On our way back from lunch, we saw some tents and road blockage for some kind of festivals. Out of curiously, we took a detour to find out what was going on. It turned out that TaiwanFest was happening in Vancouver that weekend. We were pretty stoked and ended up spending some time there to check out the various booths (btw, there was no line at the potato twister stand…and it was cheaper. lol).
Here are some pictures of the harbour, Richmond Night Market, TaiwanFest, Stanley Park, and Chinatown.
During our last night in Vancouver, we checked out a Japanese tapas restaurant – Guu Original Thurlow. We got lucky and got seated right away without having to wait for a table. The restaurant was pretty tiny and it filled up quickly shortly after our arrival (around 6pm). It’s an izakaya (informal drinking establishment that serves food to accompany drinks). In Japan, izakaya is frequented by salaryman/white collar workers to unwind and have a few drinks/dishes after work. Since our family doesn’t really drink, we went straight to the food menu. Everything we tried was delicious, we went with the popular orders such as kimchi udon, salmon yukke, beef tataki, takoyaki & karage, tuna sashimi. Yummm.
The people in Vancouver that we talked to were very nice and friendly. It’s a pretty diverse city with many different ethnicities. Being near the port on the pacific coast, it’s a popular stop for cruise-lines. Further, it’s also a gateway to many asian cities via a direct flight. While we were at the shops, we casually chatted up with the cashiers and sales ladies and noted a few of them are from Taiwan. It turned out it’s quite common for students/young adults in Taiwan to spend a few months or a year in Vancouver on a work/study program. Since Vancouver is tourist centric, they tend to work in the service industry such as souvenir shop, clothing store, restaurant, etc. for a specific # of hours a week. Outside of work they can enroll in ESL program or take classes at the community college to help improve their English language skill. If I was younger and didn’t have to worry about working to meet the financial obligations, I’d definitely choose to live in another country in order to experience and embrace different cultures and diversity.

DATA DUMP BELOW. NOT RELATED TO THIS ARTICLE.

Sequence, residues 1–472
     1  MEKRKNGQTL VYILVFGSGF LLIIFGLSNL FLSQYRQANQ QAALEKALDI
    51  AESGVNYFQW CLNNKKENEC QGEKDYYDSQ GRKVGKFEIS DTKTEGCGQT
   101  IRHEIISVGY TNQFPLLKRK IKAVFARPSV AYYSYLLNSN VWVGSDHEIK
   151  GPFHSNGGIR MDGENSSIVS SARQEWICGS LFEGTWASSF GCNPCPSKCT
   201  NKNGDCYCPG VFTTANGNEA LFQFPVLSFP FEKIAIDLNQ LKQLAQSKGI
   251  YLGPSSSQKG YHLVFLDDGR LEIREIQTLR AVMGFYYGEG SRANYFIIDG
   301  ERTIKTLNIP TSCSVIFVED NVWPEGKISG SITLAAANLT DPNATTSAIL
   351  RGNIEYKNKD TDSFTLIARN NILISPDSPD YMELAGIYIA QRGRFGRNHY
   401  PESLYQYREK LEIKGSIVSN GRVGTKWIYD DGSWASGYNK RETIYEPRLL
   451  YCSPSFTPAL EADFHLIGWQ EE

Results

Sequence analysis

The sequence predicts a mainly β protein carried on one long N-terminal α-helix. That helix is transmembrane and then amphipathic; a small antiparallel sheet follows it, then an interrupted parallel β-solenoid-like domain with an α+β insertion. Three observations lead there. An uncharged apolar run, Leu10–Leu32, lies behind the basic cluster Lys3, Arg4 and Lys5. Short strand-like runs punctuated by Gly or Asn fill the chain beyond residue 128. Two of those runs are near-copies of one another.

Overall, even though our visit to Vancouver was very short, it’s still time well spent as we got to do things together as a family. My parents rarely travel other than to Taiwan, it makes me so happy seeing they were enjoying themselves. I’m looking forward to taking them to other places and spending some QT with them. 🙂
For airfare, my parents booked their flight via AA miles. Being that it was over the labor day weekend, it cost alot more miles to book a reward flight (mom got lucky and got the normal rate of 25~30K roundtrip, dad ended up using close to 50K). For me, I used 12.5K for a direct flight to Vancouver, and just paid for a one way ticket on the way back to Dallas (with a stopover in Portland).
On a random note, when returning to the U.S. from Canada, you actually clear customs in Canada. However, if you have global entry, you need to have the actual ID with you or a global entry sticker on your passport. If not, off to the regular line you go.